Google has packed its newest handset with an array of cutting-edge tech, but it falls frustratingly short of being a great phone.
By Michael Simon
PCWorldOct 24, 2019 3:00 am PDT
Image: Christopher Hebert/IDG
At a Glance
Cool new features advance Android into a new era
The camera is still great, even if competitors have caught up
Flaws and shortcomings undermine new features
Battery life is just OK
RAM, storage, and design underwhelm for a premium phone
If you absolutely need to have the newest Android features and want to be on the Pixel’s bleeding edge, by all means go buy a Pixel 4 XL. Otherwise, you might want to wait a few updates—or for the Pixel 5.
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The Google Pixel 4 XL can lay claim to the only real smartphone breakthrough of the year: a shrunken radar chip that’s so advanced it can detect when you reach for your phone so you’ll never have to stare at a blank screen.
It’s a delightful feature that makes phones with ambient or always-on displays feel like they’re stuck in the past. Combined with Face unlock, the Pixel 4’s Motion Sense technology makes me feel like the phone anticipates all my moves, and this truly saves time by limiting how often I need to tap the screen. Before you even unlock it, the Pixel 4 XL exudes futurity and sets you up for an experience unlike anything you’ll find on a Galaxy or iPhone.
Unfortunately, the rest of the Pixel 4’s innovations are still several software updates away. Once you get past the lock screen, the Pixel 4 XL is basically an iterative upgrade over the Pixel 3—which is still for sale, and for hundreds of dollars less. The new model introduces features that need more time to bake, a few shortcomings that should have been fixed before launch, and a camera that isn’t impressive when compared to the competition. Google may have delivered its most ambitious phone with the Pixel 4 XL, but it falls well short of nailing a top-tier phone experience.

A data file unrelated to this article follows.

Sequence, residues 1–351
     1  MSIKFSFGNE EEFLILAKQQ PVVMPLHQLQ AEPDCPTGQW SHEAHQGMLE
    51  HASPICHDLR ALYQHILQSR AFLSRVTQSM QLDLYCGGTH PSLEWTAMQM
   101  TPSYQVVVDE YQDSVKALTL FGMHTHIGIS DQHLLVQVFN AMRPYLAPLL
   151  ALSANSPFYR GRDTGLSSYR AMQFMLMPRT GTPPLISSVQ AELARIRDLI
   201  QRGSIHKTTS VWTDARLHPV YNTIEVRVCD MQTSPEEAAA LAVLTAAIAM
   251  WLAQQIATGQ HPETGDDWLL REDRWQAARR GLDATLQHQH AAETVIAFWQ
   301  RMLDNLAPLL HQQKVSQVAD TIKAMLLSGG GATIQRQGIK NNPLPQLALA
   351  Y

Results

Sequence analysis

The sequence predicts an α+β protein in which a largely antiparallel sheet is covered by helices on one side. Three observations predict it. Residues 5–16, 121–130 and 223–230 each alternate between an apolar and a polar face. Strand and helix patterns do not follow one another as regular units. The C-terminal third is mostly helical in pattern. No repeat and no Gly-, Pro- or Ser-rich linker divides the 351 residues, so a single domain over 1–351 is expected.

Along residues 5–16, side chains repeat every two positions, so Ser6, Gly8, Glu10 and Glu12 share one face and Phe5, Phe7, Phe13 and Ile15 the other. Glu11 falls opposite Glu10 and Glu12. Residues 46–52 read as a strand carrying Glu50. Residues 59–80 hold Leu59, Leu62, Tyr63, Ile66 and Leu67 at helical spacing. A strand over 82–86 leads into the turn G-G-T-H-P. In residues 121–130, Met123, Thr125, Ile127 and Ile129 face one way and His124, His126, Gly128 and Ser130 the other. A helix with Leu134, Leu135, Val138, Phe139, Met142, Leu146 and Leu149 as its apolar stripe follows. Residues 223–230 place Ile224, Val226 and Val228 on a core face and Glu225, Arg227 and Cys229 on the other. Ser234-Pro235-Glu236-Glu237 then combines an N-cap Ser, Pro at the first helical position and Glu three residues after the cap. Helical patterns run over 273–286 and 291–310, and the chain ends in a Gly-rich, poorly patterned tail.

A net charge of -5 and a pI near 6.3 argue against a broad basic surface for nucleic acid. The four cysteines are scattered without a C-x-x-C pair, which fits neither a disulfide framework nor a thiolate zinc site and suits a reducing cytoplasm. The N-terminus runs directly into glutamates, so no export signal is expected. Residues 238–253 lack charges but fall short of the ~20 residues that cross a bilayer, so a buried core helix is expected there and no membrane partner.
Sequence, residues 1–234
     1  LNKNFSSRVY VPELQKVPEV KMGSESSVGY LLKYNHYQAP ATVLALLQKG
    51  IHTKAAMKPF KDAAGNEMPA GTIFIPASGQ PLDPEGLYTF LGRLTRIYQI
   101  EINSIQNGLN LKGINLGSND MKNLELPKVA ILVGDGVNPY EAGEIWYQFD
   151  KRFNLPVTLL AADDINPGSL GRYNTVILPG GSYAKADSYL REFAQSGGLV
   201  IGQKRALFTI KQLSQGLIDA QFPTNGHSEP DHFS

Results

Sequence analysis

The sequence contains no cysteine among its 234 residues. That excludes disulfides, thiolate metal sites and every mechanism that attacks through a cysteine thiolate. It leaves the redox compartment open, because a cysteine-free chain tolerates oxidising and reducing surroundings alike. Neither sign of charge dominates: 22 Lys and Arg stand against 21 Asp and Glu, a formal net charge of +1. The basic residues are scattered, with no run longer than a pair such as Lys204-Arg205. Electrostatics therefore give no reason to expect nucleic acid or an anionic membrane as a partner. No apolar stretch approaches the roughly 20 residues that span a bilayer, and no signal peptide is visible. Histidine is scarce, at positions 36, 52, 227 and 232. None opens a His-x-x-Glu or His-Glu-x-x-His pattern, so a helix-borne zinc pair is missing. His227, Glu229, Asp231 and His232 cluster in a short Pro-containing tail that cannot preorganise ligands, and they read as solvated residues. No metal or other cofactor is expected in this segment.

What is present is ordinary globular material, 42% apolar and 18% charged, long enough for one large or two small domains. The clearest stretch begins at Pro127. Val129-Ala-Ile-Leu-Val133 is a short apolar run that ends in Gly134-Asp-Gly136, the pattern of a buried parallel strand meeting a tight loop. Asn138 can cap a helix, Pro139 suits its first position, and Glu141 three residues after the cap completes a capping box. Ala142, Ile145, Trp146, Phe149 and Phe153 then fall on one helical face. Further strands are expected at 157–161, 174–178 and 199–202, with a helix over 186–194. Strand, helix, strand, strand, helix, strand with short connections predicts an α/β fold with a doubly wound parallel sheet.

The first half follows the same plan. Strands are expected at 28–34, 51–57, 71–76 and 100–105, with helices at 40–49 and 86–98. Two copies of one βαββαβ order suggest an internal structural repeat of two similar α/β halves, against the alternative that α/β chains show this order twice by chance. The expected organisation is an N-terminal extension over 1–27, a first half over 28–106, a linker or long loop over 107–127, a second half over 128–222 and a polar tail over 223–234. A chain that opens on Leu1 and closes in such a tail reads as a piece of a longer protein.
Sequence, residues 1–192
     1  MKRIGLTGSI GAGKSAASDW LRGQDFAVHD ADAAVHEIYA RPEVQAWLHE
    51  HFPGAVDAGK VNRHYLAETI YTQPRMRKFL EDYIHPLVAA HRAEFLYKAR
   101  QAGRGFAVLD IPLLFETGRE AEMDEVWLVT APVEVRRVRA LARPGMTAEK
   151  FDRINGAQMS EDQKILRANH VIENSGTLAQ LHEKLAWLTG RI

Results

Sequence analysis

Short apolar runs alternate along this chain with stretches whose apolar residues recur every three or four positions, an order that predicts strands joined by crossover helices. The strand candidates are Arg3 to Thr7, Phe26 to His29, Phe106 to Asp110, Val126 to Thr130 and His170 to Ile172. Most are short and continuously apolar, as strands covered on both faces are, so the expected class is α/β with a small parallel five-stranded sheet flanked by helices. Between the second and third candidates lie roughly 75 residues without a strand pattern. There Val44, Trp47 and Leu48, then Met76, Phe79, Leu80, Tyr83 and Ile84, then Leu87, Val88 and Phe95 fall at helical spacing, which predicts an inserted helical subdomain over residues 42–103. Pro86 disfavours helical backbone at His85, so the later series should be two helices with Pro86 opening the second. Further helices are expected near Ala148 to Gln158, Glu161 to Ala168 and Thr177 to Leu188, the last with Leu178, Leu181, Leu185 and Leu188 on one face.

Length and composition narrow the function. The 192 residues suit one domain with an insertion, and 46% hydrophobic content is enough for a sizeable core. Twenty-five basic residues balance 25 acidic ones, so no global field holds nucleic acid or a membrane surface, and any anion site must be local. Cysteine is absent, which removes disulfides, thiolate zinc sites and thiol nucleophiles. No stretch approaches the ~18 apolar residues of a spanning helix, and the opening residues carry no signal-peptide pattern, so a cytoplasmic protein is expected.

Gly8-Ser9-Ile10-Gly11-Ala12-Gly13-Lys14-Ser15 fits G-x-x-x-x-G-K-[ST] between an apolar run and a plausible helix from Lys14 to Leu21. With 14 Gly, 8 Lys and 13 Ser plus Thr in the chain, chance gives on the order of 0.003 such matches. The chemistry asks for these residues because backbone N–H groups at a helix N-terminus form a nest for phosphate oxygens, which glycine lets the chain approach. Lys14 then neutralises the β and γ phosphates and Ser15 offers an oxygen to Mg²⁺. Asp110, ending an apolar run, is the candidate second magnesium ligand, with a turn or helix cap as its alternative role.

Design: Taking the fun out of functional
Like the Google and Nexus phones that came before it, the Pixel 4 XL is a bland, perfunctory handset that looks downright ugly next to the Galaxy Note 10+ or iPhone 11 Pro. While other phone makers are racing to be the first with a 100 percent screen-to-body ratio, the Pixel 4 is nearly 20 percent bezel and extremely top-heavy to boot.
Gone is the Pixel 3’s laughably large notch, but in its place is a bezel that’s straight out of 2016. No fewer than seven sensors and a speaker occupy the space above the screen, but all you’ll see is an unsightly strip of black glass. The sizable top bezel extends to the sides and the bottom, where there’s no balance or symmetry. It’s small enough to push the speaker to the bottom edge, and from afar, the Pixel 4 will look more like a budget phone than a premium one. And even up close, there’s nothing about it that looks like it should cost $900.